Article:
Founded in 1972 in Bangladesh, BRAC currently works in over 11 countries worldwide to create opportunities for millions of people living in poverty. BRAC in Myanmar was established in 2013 to provide microfinance services to communities who have been left out of the formal financial system, reaching over 47,000 female borrowers to date.
BRAC applied for a matching grant from the UNCDF Shaping Inclusive Finance Transformations (SHIFT) in ASEAN programme under the ‘Fostering Innovative Business Models for Women’s Financial Inclusion’ Challenge Fund window in April 2016 to fund the financial diaries research in Myanmar.
After a competitive deliberation process, the project was approved by SHIFT ASEAN’s Investment Committee and was initiated in July 2017 with a committed investment of of US$93,000 from BRAC and 165,000 from L-IFT matched with a US$200,000 grant from UNCDF.
Throughout the entire process from product development to implementation, BRAC and L-IFT continuously strengthened their research methodology and succeeded in graduating BRAC’s most entrepreneurial clients from group to individual loans.
The diaries approach is one where researchers made bi-weekly visits to selected respondents to ask questions about their financial lives. L-IFT and BRAC did the diaries research with 800 women, in which 80 percent were existing group loan clients of BRAC and 20 percent of Myanmar Finance International Limited (MFIL). Interviews took place in four different geographical areas spanning urban, peri-urban and rural areas. Two-thirds of the questionnaire focused on income, expenditure, loans and savings transactions of the past two weeks, while the remaining third touched on different topics like health during different interview cycles.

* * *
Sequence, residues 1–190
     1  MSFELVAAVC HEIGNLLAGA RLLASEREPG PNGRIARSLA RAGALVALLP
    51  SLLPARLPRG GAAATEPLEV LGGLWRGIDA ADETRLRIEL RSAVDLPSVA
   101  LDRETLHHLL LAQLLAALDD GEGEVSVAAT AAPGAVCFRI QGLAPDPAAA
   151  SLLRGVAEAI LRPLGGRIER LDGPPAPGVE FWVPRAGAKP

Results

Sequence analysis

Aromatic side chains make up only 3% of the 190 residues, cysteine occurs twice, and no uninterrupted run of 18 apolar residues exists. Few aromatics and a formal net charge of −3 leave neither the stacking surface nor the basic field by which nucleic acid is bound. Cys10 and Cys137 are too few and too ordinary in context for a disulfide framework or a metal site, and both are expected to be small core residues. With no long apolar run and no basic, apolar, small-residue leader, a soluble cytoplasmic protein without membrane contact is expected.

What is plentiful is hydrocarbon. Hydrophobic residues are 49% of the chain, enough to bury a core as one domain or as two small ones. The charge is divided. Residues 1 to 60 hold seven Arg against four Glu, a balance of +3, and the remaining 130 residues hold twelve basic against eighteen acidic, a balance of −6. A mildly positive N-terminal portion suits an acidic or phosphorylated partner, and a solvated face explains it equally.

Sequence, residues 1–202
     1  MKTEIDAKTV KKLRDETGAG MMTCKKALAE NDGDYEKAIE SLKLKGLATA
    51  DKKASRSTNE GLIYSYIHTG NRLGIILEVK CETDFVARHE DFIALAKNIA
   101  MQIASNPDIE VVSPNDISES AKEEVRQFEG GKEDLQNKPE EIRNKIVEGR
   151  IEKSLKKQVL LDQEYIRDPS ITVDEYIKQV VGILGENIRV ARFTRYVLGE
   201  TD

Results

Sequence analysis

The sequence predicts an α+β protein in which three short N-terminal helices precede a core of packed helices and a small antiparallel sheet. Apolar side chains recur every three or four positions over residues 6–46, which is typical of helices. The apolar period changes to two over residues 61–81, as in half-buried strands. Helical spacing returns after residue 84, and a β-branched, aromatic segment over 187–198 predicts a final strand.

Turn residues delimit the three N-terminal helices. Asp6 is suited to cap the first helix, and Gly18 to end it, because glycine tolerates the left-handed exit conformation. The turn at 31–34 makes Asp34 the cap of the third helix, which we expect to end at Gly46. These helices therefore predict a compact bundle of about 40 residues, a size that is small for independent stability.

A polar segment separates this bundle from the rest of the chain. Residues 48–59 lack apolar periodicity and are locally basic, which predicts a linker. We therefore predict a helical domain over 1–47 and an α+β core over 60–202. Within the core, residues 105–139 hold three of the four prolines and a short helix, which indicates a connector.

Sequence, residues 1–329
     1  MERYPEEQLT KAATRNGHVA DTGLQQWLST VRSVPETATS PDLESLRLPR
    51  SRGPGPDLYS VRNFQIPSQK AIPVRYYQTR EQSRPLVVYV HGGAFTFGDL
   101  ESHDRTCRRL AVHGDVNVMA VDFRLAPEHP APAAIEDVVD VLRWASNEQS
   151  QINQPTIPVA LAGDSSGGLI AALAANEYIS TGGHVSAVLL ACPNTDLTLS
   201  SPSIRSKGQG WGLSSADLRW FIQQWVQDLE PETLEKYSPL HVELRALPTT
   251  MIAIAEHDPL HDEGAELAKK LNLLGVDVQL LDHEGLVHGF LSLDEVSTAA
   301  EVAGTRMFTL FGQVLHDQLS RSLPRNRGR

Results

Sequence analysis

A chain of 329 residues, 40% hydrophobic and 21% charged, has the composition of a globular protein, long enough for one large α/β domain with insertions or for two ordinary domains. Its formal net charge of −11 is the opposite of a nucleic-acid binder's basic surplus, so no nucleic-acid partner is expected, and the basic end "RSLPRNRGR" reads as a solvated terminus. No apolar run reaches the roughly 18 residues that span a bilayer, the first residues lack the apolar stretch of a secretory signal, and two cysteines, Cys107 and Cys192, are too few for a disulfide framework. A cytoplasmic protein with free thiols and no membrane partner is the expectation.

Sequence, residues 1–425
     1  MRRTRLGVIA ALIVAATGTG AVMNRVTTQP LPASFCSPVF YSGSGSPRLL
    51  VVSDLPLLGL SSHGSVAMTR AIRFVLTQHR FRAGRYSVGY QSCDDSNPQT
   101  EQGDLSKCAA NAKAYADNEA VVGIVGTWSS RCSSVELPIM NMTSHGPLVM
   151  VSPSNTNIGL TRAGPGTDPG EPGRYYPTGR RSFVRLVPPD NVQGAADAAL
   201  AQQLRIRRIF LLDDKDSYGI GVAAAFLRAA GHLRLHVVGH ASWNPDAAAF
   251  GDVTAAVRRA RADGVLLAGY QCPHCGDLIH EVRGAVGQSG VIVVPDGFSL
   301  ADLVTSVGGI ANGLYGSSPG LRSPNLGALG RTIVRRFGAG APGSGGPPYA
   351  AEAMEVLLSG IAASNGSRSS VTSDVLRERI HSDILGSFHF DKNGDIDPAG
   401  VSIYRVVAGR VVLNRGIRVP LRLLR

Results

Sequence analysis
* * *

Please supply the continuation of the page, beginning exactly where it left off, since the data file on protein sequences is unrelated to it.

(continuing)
This approach aimed to gain deeper insight into how the interviewees accessed or used financial services and managed their money. The frequent and longitudinal nature of the diaries research also helped to capture the use of various formal and informal financial tools and the complex trends over time.
Stories from the field: Meet Daw Yee Mon
Daw Yee Mon is a 54-year-old micro entrepreneur running a small garment facility. She is also one of the respondents under the financial diaries research as is Daw Sabel who was mentioned in the beginning of the case study
Daw Yee Mon's business sews hoods for a Korean garment factory located in Shwe Pyi Thar, earning a profit of seven to eight lakhs (US$ 483 to 553) per month. Since most of the raw materials are provided by the main factory, her largest expenditure is on the wages of her 15 employees, in which 12 work full-time.
Her first four years with BRAC was as a group loan member. In the last two years, she became a client of the WME loan. Daw Yee Mon expressed her satisfaction on the product.
I like the BRAC loan. It is convenient and I have no problems repaying my monthly installments.
She used the loan to invest in other entrepreneurial endeavors within her household to improve their economic livelihood. The loan has been used for her son’s grocery store and to maintain another property that she owns and rents out.
Stories from the field: Meet Daw Hnin Yu Htwe
Unlike the others, Daw Hnin Yu Htwe is relatively new to BRAC. The WME loan she took nine months ago is her very first loan. For the past 13 years, income from her small grocery store has been enough to support her 13-year-old daughter and she did not need a loan. However, with aspirations to grow her business, she decided to take an MMK 1.2 million (US$ 832) loan from BRAC.
I WANT TO EXPAND MY BUSINESS WHILE I AM STILL YOUNG. SO, WHEN MY FRIENDS TOLD ME ABOUT BRAC, I DECIDED TO APPLY FOR A LOAN.
With this, she now purchases rice, oil, prepaid mobile cards and other supplies in bulk directly from factories instead of from wholesalers. This has lowered her unit cost and increased her profits, which are being saved for a bigger shop in future.
Created with an image by roman raizen - "sunrise at bagan"